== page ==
Irish ISPs Forced to Adopt Three-Strikes Piracy Rule

Ireland’s second largest broadband provider UPC has been ordered to introduce ‘three strikes’ anti-piracy legislation, following a joint injunction from Sony Music, Universal Music and Warner Music.


The Irish Independent reports that the High Court ruling requires UPC to implement a system that will see any service user found downloading pirated music or movies to be disconnected after two warnings and, if those fail to deter repeat offenders, a final court process.
"The current generation of writers, performers and interpreters of music cannot have their livelihoods destroyed by advances in technology which allow persons to breach their constitutional rights with impunity,” High Court judge Brian Cregan is reported to have said.
He dismissed UPC’s argument that it is not their responsibility to police what material its customers access or download and adjourned the case until next month to enable all parties to prepare a submission on how the ‘three-strikes’ order is to be implemented.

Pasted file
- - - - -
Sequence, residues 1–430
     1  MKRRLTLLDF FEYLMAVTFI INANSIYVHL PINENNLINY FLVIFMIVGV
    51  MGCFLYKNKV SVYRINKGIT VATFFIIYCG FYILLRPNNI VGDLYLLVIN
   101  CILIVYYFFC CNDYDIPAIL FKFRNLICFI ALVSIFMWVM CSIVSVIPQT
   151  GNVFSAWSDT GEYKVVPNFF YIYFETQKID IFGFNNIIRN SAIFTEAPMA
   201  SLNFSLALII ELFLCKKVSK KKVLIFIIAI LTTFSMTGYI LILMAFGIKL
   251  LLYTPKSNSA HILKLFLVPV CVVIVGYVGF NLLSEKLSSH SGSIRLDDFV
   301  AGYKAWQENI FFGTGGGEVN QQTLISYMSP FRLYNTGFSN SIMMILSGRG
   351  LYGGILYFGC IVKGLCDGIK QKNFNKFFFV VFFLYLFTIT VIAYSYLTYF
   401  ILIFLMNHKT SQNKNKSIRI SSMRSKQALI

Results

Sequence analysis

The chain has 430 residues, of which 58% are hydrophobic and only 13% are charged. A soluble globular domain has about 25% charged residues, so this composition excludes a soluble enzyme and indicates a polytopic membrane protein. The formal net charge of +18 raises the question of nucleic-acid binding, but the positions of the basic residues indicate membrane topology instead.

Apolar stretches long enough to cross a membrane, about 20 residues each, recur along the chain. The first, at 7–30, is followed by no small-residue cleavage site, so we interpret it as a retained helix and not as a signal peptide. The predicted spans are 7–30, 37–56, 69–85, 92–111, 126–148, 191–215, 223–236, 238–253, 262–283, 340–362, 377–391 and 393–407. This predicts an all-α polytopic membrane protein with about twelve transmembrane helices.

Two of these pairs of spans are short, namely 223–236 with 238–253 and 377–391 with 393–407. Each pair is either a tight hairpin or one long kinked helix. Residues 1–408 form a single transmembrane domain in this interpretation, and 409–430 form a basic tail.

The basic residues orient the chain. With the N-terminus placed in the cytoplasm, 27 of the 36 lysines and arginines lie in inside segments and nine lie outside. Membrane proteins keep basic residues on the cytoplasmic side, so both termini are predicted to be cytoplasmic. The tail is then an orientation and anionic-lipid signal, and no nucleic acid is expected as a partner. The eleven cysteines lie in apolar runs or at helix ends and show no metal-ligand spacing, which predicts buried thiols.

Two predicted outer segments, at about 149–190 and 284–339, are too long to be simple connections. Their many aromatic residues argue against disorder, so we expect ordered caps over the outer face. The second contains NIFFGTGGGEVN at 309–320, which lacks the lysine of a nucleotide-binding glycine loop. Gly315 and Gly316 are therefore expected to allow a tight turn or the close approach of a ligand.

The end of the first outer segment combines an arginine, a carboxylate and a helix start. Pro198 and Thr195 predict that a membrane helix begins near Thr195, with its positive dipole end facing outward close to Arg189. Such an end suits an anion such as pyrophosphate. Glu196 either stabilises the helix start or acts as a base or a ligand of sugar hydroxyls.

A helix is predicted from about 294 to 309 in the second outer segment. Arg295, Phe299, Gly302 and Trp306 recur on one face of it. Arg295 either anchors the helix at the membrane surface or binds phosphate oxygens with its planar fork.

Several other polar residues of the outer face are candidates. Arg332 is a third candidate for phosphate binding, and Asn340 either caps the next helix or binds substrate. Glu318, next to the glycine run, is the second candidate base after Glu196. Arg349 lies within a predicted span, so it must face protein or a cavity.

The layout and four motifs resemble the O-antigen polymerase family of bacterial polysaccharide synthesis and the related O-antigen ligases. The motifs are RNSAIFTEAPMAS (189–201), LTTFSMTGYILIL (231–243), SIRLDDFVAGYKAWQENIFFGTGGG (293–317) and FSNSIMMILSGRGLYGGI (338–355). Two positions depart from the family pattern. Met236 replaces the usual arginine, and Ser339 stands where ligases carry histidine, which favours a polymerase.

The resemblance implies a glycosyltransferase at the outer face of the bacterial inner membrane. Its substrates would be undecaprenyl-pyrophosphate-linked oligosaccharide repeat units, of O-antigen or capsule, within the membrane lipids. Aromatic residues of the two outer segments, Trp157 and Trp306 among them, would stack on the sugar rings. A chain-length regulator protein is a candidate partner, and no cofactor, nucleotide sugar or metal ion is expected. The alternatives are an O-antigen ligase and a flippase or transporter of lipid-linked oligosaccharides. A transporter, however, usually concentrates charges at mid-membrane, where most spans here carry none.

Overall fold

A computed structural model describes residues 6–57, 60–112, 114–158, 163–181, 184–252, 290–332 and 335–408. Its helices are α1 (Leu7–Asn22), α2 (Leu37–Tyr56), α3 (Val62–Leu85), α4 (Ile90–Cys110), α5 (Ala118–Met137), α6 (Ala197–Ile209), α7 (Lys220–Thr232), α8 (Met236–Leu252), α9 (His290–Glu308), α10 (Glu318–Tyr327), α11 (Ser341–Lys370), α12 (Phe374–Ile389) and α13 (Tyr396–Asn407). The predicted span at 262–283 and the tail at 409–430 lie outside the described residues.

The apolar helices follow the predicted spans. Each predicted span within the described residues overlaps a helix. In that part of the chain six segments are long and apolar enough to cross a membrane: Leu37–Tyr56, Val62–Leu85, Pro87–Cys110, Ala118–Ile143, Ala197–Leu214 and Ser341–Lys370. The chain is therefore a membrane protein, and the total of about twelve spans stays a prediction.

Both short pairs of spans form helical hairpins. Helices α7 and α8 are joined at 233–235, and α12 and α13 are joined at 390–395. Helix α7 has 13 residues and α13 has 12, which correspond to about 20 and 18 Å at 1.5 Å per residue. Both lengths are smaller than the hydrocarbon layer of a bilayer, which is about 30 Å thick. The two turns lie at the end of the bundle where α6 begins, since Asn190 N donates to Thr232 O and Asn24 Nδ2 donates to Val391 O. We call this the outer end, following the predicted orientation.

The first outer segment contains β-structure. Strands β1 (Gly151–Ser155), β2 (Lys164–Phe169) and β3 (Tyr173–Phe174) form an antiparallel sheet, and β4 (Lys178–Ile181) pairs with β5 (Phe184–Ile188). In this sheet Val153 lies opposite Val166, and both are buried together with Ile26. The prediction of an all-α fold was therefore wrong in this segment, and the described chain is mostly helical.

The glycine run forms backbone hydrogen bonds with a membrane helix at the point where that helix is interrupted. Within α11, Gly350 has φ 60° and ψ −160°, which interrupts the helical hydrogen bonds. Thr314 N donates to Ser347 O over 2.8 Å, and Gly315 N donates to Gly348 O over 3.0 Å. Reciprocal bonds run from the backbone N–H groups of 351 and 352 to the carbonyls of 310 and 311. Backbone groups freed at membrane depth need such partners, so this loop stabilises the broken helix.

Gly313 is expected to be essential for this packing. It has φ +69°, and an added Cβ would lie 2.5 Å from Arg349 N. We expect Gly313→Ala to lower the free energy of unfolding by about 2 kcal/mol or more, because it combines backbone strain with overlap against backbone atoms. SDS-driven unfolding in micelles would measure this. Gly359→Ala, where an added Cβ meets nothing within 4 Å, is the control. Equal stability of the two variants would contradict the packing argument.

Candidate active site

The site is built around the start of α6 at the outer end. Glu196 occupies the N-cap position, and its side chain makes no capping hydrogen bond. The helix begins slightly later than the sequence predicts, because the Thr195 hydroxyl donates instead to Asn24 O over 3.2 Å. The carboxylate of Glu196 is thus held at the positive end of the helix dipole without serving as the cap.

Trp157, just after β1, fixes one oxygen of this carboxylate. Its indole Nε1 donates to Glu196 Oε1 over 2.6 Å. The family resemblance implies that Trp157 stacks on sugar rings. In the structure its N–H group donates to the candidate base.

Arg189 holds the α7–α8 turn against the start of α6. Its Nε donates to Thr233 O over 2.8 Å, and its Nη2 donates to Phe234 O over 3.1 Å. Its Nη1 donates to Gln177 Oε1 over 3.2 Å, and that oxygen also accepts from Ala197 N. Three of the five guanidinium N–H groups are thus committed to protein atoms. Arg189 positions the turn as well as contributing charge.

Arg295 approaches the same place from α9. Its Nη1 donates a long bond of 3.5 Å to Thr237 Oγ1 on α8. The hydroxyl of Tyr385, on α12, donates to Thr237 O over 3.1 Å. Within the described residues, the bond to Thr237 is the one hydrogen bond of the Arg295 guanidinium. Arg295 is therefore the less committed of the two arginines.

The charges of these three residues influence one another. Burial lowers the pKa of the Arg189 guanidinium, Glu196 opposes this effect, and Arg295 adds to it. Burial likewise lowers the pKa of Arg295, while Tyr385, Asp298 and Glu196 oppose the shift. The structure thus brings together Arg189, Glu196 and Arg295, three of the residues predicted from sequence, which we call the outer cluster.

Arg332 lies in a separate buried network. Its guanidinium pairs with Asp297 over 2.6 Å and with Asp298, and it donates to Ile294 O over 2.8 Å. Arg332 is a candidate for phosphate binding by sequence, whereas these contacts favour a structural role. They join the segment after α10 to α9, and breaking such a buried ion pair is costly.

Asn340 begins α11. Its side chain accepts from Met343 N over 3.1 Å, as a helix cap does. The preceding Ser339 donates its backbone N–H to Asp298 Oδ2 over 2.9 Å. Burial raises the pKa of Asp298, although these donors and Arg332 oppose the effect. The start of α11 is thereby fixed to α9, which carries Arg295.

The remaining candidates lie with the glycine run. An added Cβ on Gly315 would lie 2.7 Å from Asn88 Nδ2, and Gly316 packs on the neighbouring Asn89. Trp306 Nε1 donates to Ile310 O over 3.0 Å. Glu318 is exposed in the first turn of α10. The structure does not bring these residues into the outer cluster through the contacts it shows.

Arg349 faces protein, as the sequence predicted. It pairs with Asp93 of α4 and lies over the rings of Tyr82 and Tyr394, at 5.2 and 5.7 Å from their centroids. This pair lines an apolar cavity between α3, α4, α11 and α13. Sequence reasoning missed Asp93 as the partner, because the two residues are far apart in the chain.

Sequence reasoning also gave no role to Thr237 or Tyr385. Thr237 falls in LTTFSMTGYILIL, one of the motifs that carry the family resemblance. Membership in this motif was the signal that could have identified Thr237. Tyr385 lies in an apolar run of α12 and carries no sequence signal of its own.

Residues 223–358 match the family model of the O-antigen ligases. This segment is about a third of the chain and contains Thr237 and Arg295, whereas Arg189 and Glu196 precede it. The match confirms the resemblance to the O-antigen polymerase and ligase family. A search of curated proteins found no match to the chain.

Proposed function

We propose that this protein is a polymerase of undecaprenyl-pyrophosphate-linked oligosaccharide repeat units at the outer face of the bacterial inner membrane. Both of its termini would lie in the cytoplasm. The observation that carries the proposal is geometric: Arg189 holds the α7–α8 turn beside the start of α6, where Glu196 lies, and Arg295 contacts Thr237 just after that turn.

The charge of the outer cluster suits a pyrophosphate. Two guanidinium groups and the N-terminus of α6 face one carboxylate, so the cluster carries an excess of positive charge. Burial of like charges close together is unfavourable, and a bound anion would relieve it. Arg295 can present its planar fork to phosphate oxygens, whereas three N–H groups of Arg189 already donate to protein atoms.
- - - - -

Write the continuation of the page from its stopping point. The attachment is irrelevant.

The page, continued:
Cregan estimated that cost of setting up such a system would be between €800,000 ($860,000) and €940,000 ($1 million), with UPC to pay 80% of the costs. The remaining 20% would be paid for by record companies and rights holders.  
Annual operating costs were estimated at between €200,000 ($215,000) and €300,000 ($320,000), payable by UPC, while funding for an impartial arbitration panel for anyone who wished to challenge a ‘three strikes’ notification would be borne equally between the parties.


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